Write Down Your Goals

Newbury Street had a friend in me on Saturday, ’cause man did I shop the hell out of it.

On a fact-finding mission for prices on snazzy shoes and blazers / sport coats (what’s the difference?), I’d briefly chat up the retail folk and then break their little hearts; I am not currently at a place where I can spend $400 to $600 on a jacket. I had always wanted to roll through the Back Bay with my homie named Visa, but you need almost a full day and the energy and… a reason. I had all three.

The reason came from writing goals down. This creates focus.

You may have lots of reasons to do things, but the ones you write down, and especially the ones you look at with some frequency, are the ones that get to the forefront of your unconscious. Napoleon Hill dedicates a whole chapter to the concept in ‘Think And Grow Rich’, where he says the subconscious mind first acts on dominating thoughts and feelings (like faith), so make your desires clear: reduce them to writing. He goes on to talk about the next step: flashes / hunches / inspirations. Rhonda Byrne’s ‘The Secret’ refers to these as inspired actions, where you are acting on instincts.

I could have (should have) dove into much delayed Spring cleaning, but instead I went with my gut and did something unusual, yet something in line with one of my goals: acquire a collection of jackets.

Mission accomplished. Thank you, Marshall’s. On Boylston Street.

Profitability of Profit

Again, from ‘The 4-Hour Workweek’ by Tim Ferriss, I found this gem:

Profit is only profitable to the extent that you can use it. For that you need time.

Much later in the book, we have:

Stuff lingering on the brain from work ruin free time with preoccupation; time without attention is worthless, so value attention over time.

This last quote stresses the necessity of being in the now. You are not really free if your body is on the beach and your head is at the office. So to get the most out of your ‘Out of the Office’ experience, you’ve got to reattach your head to wherever you’ve decided to put your body. You’ve escaped for a week – you might as well enjoy yourself! This leads me to a couple of rather mathematical scenarios… bear with me. If we had a finite amount of attention and a variable amount of time, we have:

  • Scenario 1 – You take a lot of time off, but your attention is rarely there. (Low density of enjoyment per time)
  • Scenario 2 – You take a little time off, and your attention is completely there. (High density of enjoyment per time)

It would seem way more efficient to figure out a way to fully ‘be in your body’ to be fully free during your time off, whether it is an extra long weekend… or 5 minutes. Thus, if you’ve got time to play, and you’re a-gonna play, y’might as well play hard: profit from your… profit.

Ha – who would have thought that, “Work hard. Play hard,” can take on a very Taoist “be in the now” meaning.

Show Then Tell

Over the past few months/sprints, I’ve been developing a system to more easily adopt Agile Living. Stories have been mainly gathering and molding stories into a proprietary format I have been developing for a while. With bookmarks to Google Docs (‘cloud’-enough for now) on my smart phone pointing to a product backlog, sprint backlog, Scrum script, Daily script, and a few other things, the motions for my own ScrumOfOne have become significantly more fluid.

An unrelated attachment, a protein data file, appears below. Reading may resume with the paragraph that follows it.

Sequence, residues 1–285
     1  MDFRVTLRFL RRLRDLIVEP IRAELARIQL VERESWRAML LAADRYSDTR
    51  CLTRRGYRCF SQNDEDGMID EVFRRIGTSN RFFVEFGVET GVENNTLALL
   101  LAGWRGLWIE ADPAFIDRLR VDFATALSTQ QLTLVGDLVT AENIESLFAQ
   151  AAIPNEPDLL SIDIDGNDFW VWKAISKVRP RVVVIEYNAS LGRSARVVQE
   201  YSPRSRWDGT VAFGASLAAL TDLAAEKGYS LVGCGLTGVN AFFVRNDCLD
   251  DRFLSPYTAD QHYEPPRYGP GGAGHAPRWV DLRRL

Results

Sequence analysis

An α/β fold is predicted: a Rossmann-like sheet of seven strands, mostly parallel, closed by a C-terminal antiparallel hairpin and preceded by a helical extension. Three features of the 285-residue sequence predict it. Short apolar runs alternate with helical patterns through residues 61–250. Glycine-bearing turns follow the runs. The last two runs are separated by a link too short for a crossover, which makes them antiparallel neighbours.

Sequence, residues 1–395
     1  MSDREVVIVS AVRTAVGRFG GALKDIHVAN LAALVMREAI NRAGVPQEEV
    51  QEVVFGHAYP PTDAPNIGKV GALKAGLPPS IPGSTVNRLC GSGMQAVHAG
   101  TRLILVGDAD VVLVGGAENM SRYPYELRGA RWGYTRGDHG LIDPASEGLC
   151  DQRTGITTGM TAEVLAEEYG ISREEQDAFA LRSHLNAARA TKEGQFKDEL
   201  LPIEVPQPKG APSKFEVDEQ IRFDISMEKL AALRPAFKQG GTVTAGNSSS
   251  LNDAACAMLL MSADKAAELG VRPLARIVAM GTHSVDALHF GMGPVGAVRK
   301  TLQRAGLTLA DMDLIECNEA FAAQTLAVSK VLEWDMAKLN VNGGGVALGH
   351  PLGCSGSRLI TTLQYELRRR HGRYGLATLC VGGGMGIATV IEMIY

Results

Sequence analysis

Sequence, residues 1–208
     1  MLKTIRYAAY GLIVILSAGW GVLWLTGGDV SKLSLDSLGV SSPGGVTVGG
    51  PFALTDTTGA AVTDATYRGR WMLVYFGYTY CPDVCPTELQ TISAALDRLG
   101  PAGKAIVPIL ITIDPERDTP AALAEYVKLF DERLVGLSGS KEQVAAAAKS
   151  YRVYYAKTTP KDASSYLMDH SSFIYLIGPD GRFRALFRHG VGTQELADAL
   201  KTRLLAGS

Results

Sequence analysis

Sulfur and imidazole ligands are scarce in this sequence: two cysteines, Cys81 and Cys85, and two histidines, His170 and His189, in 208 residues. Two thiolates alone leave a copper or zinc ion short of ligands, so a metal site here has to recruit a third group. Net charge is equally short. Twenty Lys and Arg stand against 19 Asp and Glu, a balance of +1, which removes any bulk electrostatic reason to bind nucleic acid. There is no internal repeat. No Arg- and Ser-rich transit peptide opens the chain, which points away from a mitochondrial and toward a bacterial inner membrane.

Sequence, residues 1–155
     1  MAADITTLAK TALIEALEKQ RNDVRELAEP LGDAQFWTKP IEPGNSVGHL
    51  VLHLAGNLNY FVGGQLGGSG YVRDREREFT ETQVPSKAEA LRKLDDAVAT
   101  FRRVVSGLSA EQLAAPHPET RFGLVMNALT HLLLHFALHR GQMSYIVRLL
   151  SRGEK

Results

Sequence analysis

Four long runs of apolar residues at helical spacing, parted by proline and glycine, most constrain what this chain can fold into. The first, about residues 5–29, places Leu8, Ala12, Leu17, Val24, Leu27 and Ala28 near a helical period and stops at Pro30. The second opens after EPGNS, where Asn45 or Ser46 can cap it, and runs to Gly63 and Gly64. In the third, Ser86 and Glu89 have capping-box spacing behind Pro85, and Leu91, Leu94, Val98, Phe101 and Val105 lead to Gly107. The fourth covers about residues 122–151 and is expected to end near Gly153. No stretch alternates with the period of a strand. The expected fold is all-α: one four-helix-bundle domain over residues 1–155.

Progress has gotten me to the point where I am back to dedicating time to this blog, with posts planned for twice a week: once on Sundays after my mini-retrospective and once on Wednesdays as a temperature check on mid-week execution of sprints.

Part of this reboot has been after an acknowledgement of how different facets of personal growth, as well as the numerous projects I want to implement, all feel like they should be their own product backlog. Some products represent continual improvement (physical, cultural, residential) and some represent discrete states of accomplishment (this blog, learning to sail, own music studio), so the organization and prioritization of the numerous stories from the numerous backlogs has required some work, thus why I am only getting back to blogging now.

Happy Thanksgiving!

Daily Stand-up, Beyond Mechanics: A Measure of Self-Organization

The following are my notes from a Scrum Alliance article – its title is that of this post.

By Bachan Anand, CSM, CSP, he shares ways to tune the scrum / daily stand-up meeting. Building up to a very neat table, he outlines how to run the scrum of a high-performance team in terms of self-organization, focus, collaboration, rhythm, courage, and respect. My favorite example is a solution for one particular self-organization issue, where team members share status as if reporting to managers (ScrumMaster and Product Owner), instead of sharing status with their fellow pigs.

Each time a pig looks at a chicken during the scrum, the chicken should look at his/her shoes.

Ruthless Story Completion

It’s finally Spring in Boston! It’s nice outside! I want to BE outside! This yearning is effectively an impediment!

Thus, the balance of a game plan and reality results in a strategy that makes me feel less guilty for enjoying the weather while still accomplishing the most per time spent on these sprints: Ruthless Story Completion.

I am now spending time on getting one story done at a time – this results in two levels of satisfaction. Sure, I get the points associated with that story – a shallow sense of feeling good; however, I then know I have attained a piece of functionality associated with the story – THAT is the deeper level, the fulfillment.